Tuesday, October 10, 2017

Battlestar Galactica: The Mini-Series (Part I)

THE CYLONS WERE CREATED BY MAN. THEY WERE CREATED TO MAKE LIFE EASIER ON THE TWELVE COLONIES. AND THEN THE DAY CAME WHEN THE CYLONS DECIDED TO KILL THEIR MASTERS. AFTER A LONG AND BLOODY STRUGGLE, AN ARMISTICE WAS DECLARED. THE CYLONS LEFT FOR ANOTHER WORLD TO CALL THEIR OWN. A REMOTE SPACE STATION WAS BUILT... WHERE CYLON AND HUMAN COULD MEET AND MAINTAIN DIPLOMATIC RELATIONS. EVERY YEAR THE COLONIALS SEND AN OFFICER. THE CYLONS SEND NO ONE.

NO ONE HAS SEEN OR HEARD FROM THE CYLONS IN OVER FORTY YEARS.





From the moment a Cylon Base Star arrives at a lone space station outpost and a blonde, sexy, female Cylon (Tricia Helfer) struts toward the surprised officer (Ryan Robbins) we are immediately put on notice Battlestar Galactica is back, big, bad, all new and all different.

Helfer questions the officer "Are you alive?" and proceeds to kiss the man passionately.

Ghost In The Shell (1995), Blade Runner (1982) and others have asked what becomes of artificial intelligence when it becomes self aware among other existential questions. In general terms, it too wants to live.



Battlestar Galactica (2003-2009) intelligently takes those concepts and ideas to the next level. Writer/Creator Ronald D. Moore not only infuses and fires off his opening salvo with such existential questions, but does so through a vivid pronouncement of female empowerment in the form of the sexy Number Six Cylon model as embodied by Helfer.

It has begun. With the opening destruction of the space outpost destroyed by the base star, Battlestar Galactica: The MiniSeries (2003), opens its story with one of the most unsettling, dark and disturbing sequences this writer could recall in science fiction memory. It was a crushing, unforgettable scene. One for the ages. The sheer power in that stunning moment of annihilation would remain with me.



The opening sequence darkens Helfer's entrance painting her as a deceptive beauty disguising a lethal combatant.

The officer peruses papers on the Cylons as we recollect them in their original series form. Large, strong but inefficient. Decades on, the arrival of the new Cylon is unexpected, beautiful and deadly like a devil in a red dress. In fact, unlike humans, and humanity, as the Cylon Base Star destroys the space station it takes out its own Number Six model, as well as two Centurion Cylons with the cool efficiency of machine calculation. Humans are indispensable. Cylons, on the other hand, are not. They are indeed dispensable, replaceable.

The answer to the Colonial officer's life is met by the Cylons with his death, a death incapable of rebirth.



Yet, the Cylon, Number Six, will simply download or upload into another vessel or shell so her ghost will live again. Thus death without resurrection is the proof of life to Cylons. In many respects these children of humanity pursue life like the replicants of Blade Runner once pursued life.

In an article called The Face In The Mirror: Issues Of Meat And Machine In Battlestar Galactica from the book So Say We All, writer Natasha Giardina noted, "humanity's children" are much like "Frankenstein's monster, they are flawed children who desire the destruction of their flawed creators" though ultimately desiring to have what they have and a desire to supplant them. These flawed, petulant children are coming home and that is understated in a very powerful, visual opening.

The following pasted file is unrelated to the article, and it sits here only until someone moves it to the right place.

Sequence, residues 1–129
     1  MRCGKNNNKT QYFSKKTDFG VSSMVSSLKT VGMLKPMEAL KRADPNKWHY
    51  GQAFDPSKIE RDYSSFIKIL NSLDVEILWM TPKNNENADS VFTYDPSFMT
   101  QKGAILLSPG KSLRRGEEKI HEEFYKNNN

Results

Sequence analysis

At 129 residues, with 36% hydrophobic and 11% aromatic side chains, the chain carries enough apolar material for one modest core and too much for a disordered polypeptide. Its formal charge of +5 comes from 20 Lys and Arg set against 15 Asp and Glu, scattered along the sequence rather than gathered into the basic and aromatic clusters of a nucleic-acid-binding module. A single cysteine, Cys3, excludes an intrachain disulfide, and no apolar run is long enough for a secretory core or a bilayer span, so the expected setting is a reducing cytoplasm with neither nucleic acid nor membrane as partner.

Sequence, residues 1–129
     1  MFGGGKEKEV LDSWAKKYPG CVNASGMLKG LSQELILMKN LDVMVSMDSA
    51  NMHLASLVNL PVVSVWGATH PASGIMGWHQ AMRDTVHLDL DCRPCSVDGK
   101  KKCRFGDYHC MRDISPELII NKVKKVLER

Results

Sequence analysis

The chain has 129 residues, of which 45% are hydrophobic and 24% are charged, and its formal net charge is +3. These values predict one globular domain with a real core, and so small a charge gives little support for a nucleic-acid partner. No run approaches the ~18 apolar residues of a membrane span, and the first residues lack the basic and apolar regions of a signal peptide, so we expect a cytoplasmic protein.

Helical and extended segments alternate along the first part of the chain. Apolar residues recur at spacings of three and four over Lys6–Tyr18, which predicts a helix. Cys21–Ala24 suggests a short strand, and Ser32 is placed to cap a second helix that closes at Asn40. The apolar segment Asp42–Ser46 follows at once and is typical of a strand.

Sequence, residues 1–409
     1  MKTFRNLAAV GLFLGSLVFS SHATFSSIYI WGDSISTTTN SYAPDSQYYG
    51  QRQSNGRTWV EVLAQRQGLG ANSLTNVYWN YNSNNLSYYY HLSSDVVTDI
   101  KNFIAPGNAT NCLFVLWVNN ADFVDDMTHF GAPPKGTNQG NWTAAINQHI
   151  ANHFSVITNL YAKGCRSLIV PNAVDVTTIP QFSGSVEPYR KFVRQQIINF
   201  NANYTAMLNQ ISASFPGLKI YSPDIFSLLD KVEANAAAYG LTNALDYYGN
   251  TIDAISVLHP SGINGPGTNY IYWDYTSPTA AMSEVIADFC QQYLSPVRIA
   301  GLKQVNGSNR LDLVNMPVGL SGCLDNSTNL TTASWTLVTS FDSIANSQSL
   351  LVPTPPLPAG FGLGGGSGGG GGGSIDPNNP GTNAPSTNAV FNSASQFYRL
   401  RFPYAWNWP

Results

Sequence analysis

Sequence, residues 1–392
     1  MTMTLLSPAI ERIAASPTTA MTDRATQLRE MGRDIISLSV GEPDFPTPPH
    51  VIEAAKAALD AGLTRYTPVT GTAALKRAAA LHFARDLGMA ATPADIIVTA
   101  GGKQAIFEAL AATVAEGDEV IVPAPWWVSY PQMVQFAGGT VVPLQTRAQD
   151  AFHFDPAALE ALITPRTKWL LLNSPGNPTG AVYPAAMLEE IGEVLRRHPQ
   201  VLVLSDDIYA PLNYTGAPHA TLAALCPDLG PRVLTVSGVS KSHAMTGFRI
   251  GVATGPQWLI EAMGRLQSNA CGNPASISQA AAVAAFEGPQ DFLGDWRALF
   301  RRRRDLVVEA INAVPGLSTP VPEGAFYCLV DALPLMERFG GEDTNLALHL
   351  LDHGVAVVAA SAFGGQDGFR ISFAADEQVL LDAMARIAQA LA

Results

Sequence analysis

Finally, the sequence is also beautiful in its execution. There is a distinctly visual vision here and Helfer's understated performance is not unlike the work of a Sean Young as Rachel in the aforementioned science fiction classic Blade Runner. The Mini-Series opening is a gem.



Moore's Battlestar Galactica loosely touches upon Glen A. Larson's epic Saga Of A Star World here. Ultimately though the eventual series is an entirely different beast.

For this writer Battlestar Galactica is one of those stories I love in its many forms. The story, like Star Trek, is one constantly ripe for reevaluation.

With the opening titles, a propulsive, militant drum beat, compliments of composer Richard Gibbs, kicks off one of the most satisfying, accompanying scores in memory. The music for The Mini-Series and for the series proper (falling to Bear McCreary) would devastate me with its raw emotion and devastating power for years to come. The music, a character to the series itself, stands on its own as a work of art.



The story begins.

Crew members are passing their well wishes on to Commander William Adama bidding him farewell following his tour aboard the Battlestar Galactica. The Galactica herself, "the last of her kind," is one of twelve original Battlestars constructed fifty years earlier for the Cylon War. Each represented a colony of Kobol. The Galactica represented Caprica.

The Galactica was intentionally designed backward with a heavy reliance on older technology to properly counter the more sophisticated technology of the Cylons. Antiquated systems were the rule of the day in order to survive the enemy they themselves created. Commander Adama makes it clear he will not allow an integrated computer network aboard the Battlestar Galactica. "Let me explain something to you, many good men and women lost their lives aboard this ship because someone wanted a faster computer to make life easier," declares Adama in opposition to networking.



Homage to the original series is quickly established through the card-playing, cigar chomping character of female character Kara Thrace "Starbuck." It also echoes a card scene featuring Dirk Benedict as Starbuck from the classic series. It's made clear very early on that Starbuck has a nasty, antagonistic relationship with the ship's XO (executive officer), Colonel Saul Tigh (Michael Hogan), a man with a strong affinity for the bottle.

Katee Sackhoff (Longmire) is excellent as hot shot pilot Starbuck along with a universally exceptional cast.

The story relocates and alternates from the Galactica to Caprica City. We are introduced to Laura Roslin (Mary McDonnell) where she learns of a personal malignancy.